from A Contemporary Winter Count
Kerry M. Scott
Thesis, University of Lethbridge, 2002
Ironically, from the Native perspective, the concept of oral tradition could be considered a fallacy as it is described and used by teachers and professors today. It is a fallacy because it focuses only on oral communication. In reality, our oral tradition was an all-encompassing medium of communication that included the telling of the story, the gestures that accompanied the story and symbolism as depicted within a Winter Count. All reflected the history of our community and our communal conversation, mirroring the mind of our society and the character of our civilization. Sign (sign language) was the communication medium of all Plains Indians and it is from Signs that the Winter Count was able to be recorded. In addition, Sign, as Tomkins (1969) describes, was a language with a scope in its evolution and content that went beyond simple communication. Indeed, Sign may have been the "first universal language," a "genuine Indian language of great antiquity" with a "beauty and imagery possessed by few, if any, other languages." Sign was the "foremost gesture language the world has ever produced."
Sign made it possible for individuals from tribes of different language groups to communicate with each other. The People were not limited to words. They utilized the cultivated Art of Sign and symbolism. Sign was not only used in close quarters when communicating with friends, or used as a necessity when secrecy was vital to survival. Sign could also be used at ease when the eye could see but the distance was too great for the ear. It was a thing of beauty, for its gestures were wide and sweeping, and when combined with a spoken Native language, the speaker’s intentions were rarely misunderstood. To observe accomplished Sign Talkers today is a wonder that anyone of any race would marvel at.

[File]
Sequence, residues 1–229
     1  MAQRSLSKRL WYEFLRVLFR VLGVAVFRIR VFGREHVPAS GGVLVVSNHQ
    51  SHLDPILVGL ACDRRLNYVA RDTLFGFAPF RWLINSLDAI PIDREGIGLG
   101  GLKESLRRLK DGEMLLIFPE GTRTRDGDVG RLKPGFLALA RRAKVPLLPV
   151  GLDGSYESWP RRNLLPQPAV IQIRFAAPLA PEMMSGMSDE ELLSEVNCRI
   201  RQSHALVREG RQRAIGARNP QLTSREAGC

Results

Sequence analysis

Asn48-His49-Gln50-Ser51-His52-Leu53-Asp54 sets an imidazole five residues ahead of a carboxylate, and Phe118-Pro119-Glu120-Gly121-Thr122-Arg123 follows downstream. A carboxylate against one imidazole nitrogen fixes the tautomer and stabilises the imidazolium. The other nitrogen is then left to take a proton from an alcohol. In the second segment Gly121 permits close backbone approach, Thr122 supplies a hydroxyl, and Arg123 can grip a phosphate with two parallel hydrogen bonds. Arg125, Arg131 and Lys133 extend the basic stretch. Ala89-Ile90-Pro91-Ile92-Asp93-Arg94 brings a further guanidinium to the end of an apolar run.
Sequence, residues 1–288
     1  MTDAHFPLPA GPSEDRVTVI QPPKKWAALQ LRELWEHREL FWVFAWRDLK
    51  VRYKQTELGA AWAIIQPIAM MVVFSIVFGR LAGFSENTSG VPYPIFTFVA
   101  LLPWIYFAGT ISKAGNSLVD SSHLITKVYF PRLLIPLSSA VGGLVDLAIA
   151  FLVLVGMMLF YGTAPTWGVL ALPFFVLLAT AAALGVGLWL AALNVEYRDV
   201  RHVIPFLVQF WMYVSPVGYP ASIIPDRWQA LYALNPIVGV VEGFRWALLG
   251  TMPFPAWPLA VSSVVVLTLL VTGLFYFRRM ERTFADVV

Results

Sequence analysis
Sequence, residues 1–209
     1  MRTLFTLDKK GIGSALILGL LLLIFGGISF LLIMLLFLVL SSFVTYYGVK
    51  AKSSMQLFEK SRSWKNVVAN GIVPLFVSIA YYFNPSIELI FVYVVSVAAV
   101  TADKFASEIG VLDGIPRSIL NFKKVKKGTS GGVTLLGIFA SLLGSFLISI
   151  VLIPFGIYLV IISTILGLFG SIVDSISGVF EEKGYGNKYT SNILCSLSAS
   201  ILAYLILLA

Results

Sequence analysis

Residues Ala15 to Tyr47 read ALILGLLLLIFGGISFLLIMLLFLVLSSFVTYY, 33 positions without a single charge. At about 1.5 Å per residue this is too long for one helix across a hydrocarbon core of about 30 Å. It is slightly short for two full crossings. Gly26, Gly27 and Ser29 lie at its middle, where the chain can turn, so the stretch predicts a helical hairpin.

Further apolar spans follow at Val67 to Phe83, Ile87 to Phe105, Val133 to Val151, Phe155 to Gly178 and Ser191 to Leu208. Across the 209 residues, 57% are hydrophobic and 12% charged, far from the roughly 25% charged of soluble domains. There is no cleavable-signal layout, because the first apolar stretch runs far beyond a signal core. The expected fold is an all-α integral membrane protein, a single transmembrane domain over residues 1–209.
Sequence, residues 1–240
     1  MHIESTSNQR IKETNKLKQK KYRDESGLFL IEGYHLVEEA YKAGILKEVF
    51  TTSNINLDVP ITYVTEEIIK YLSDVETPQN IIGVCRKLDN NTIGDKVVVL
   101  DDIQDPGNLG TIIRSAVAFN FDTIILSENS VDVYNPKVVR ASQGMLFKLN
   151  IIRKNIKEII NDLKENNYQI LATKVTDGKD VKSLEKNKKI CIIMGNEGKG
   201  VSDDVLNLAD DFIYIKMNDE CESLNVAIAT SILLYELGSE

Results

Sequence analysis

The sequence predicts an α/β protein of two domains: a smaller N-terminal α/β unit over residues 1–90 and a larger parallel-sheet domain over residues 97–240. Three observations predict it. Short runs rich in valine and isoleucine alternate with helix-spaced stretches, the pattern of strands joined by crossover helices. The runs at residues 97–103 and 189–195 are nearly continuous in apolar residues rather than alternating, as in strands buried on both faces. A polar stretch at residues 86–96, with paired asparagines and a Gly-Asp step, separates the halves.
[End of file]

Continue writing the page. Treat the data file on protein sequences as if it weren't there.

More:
We Indians see in the world around us many symbols that teach us the meaning of life. Indians live in a world of symbols and images, where the spiritual and the commonplace are one, and where the physical and its spiritual aspect are connected – this is part of the metaphysical world of the Indian. To most non-Natives, symbols are just words, spoken or written in a book. To Indians, they are a part of nature, part of ourselves and they act as an umbilical cord that keeps us connected to all things in the universe. We try to understand them, not with the head, but with the heart, and we need no more than a suggestion to remember and give us the story.
The commonplace, to an Indian artist, appears wondrous because of symbolism, and instead of seeing a geometric pattern of Blackfoot beadwork, for example, with only lines, triangles and diamond shapes, the artisan can track the accomplishments of an entire life story. In this way, symbols let us record our history without an alphabet. And symbols are there to remind us and give meaning to the abstract.
In the past, the communicative aspects of Indian life were vital to the survival of the Indian people. Over long distances they could communicate with each other via smoke signals or via signs when following a trail. There were ways of letting the tracker or follower know the intentions of the others. Symbols and signs could consist of mounds of stones piled on the ground or sticks laid out in various formations that would provide information to the observer. When one looks at the symbol painted on a buffalo robe or carved into a rock face or laid out on the ground, it is reasonably apparent that each sign was the complete formation of a sentence. This was how the Winter Count keepers, with their use of symbolism, were so adept at remembering stories. By painting the different time sequences in this contemporary Winter Count, it is easy to understand how this is possible, for it only takes one look at a painting and all the memories of the time period materialize, as if by magic. Like the symbols of Winter Counts of old, the paintings are the triggers to remind us of the events of a time gone by.